Hi DrBob. What do you think is easy to implement here? Are you thinking that we should deliberately make water scarce, to give people the experience of it? Really interested to hear your ideas...

mark burns says... Mar 24, 2015

good idea, interesting 

Leanne Merrill says... Mar 24, 2015


Janet Bradley says... Mar 24, 2015

Very interesting..

I have just come back from a weekend of caravanning... my caravan does have water... if someone (i.e. my husband), goes and fills up the barrel. The barrel contains 40 litres and we have an on board hot water tank of 14 litres. It is amazing how quickly you can use up that water!

When I first started using the caravan, my husband was out filling the tank repeatedly.... we were away during a cold month - I think it was February... and I felt very guilty that he was having to go out, late at night, in the cold and wet to fill the tank.... so I started being much more economical with the water... realised that even though I had water, and I had a tap, I didn't have limitless water on tap... I had to economise with what I had.

So... can you consider people going on one night away breaks where they have a limited supply of water, and they can't refill?

Leanne Merrill says... Mar 24, 2015

What an amazing way of thinking about it! I too have been in a caravan with a limited supply of water and never even thought about how this could be an excellent way of teaching people what it's like to actually have to go and get the water you want to use.

Have you noticed that you are more economical at home too as a result, or is it only a behaviour change when you are in the caravan and you know you have a limited supply?

Janet Bradley says... Mar 24, 2015

I think it has made me more water conscious at home too.... sometimes we go away in the caravan for a couple of weeks, and as a result, the water saving concepts that you adopt while you away have started to become more of a habit.

If this was done as part of a water saving initiative and that you asked people to learn from the experience... and in fact they made pledges as a result of the experience, then they probably wouldn't need two weeks to break habits!! :-)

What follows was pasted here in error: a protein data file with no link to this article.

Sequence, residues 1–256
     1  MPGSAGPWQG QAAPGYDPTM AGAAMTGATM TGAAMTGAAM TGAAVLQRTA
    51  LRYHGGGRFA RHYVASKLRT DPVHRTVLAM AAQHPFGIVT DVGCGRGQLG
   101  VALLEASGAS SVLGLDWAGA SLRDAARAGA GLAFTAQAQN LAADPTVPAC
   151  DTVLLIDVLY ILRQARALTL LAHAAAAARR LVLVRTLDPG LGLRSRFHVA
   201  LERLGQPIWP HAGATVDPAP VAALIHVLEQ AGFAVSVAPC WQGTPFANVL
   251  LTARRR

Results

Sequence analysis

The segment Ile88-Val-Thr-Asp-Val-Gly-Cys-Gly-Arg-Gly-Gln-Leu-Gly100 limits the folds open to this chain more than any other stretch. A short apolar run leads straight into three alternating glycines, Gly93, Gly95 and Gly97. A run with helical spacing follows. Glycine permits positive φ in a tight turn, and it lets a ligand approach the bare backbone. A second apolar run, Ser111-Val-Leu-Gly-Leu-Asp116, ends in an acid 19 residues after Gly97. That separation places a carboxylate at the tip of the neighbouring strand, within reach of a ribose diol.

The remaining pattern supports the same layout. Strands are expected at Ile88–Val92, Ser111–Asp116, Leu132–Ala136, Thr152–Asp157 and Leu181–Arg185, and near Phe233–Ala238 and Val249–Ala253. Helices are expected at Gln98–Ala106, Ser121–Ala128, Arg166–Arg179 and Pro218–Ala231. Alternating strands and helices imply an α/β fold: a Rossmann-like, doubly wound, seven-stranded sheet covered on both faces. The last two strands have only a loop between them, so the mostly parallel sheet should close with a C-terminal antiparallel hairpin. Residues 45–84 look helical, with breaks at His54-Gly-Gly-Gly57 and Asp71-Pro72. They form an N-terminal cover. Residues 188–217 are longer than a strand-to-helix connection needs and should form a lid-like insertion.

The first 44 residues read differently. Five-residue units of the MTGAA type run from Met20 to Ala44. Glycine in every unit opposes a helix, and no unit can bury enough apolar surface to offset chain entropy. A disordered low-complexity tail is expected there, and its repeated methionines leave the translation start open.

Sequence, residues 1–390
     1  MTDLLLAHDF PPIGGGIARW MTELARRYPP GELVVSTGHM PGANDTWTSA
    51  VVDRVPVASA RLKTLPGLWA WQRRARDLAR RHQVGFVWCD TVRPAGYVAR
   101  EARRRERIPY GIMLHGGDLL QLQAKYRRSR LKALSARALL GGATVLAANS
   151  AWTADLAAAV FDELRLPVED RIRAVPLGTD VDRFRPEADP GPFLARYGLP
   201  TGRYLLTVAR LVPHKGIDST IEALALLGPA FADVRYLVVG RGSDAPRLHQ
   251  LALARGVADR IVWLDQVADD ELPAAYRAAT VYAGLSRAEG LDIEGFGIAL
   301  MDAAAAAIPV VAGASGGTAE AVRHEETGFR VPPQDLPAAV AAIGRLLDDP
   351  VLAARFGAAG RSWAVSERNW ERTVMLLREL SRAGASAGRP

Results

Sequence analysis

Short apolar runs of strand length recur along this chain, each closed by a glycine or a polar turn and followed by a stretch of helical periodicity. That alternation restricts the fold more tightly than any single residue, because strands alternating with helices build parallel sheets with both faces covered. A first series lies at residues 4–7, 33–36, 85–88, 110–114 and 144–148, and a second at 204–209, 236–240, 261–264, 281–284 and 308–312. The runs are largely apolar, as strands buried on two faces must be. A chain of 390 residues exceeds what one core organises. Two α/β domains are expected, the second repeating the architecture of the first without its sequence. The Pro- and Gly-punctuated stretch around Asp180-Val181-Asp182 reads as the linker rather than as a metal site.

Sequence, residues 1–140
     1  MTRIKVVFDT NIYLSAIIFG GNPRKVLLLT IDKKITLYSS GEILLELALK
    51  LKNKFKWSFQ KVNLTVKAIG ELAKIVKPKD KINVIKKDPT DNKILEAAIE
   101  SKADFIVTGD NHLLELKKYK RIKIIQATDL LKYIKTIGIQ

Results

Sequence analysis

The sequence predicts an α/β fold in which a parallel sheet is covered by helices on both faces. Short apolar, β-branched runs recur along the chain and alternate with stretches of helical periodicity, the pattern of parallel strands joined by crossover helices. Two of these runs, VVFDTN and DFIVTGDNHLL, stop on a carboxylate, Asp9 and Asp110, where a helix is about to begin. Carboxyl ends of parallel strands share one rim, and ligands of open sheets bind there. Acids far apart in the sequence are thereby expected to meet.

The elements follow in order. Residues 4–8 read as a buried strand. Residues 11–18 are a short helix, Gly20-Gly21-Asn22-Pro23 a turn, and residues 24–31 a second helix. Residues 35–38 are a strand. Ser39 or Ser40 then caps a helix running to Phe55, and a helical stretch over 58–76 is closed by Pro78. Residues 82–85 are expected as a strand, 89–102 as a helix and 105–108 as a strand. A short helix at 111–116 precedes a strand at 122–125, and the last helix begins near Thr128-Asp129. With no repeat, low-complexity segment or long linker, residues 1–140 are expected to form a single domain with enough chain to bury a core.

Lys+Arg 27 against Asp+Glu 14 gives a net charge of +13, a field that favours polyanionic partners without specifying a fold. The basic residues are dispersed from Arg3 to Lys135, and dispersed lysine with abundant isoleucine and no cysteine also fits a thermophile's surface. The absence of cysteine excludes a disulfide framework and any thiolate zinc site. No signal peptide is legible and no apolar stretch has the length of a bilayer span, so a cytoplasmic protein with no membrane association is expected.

Leanne Merrill says... Mar 25, 2015

That's great to hear! This is a really good idea, thanks so much for sharing and keep up the great water saving work :)

Janet Bradley says... Mar 25, 2015

Hey thanks.

George Richardson says... Mar 26, 2015

Superb article giving facts i was unaware of and a superb and logical train of thought.The story you relate in some parts cover remarks made both by myself and Snowdrop 36 who having lived through the war and all the subsequent rationing learned to value and carefully look after and save anything we were lucky to receive. Lessons well learned in times of need and never forgotten.

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Leanne Merrill says... Mar 26, 2015

Great comment George! It's really good to see how these factors have meant that you have stuck with the idea of water as a scarce resource ever since and I think shows the importance of education and focussing on children to develop these habits early so that they last a lifetime :)

anita lewis says... Mar 26, 2015

Really interesting post Leanne.Caravaning and camping do seem to be the easiest ways for people to experience limited water supply-unless they have been unlucky enough to have been in an area cut off due to a burst pipe etc!

Leanne Merrill says... Mar 27, 2015

Thanks Bambi, we have some real experts here at Affinity Water who did a great job writing this post! I agree that situations which put you in a water scarce time, be it camping or a burst main, really do make you re-evaluate how much water you use! How do you think we can replicate this learning onto times when water is more readily available?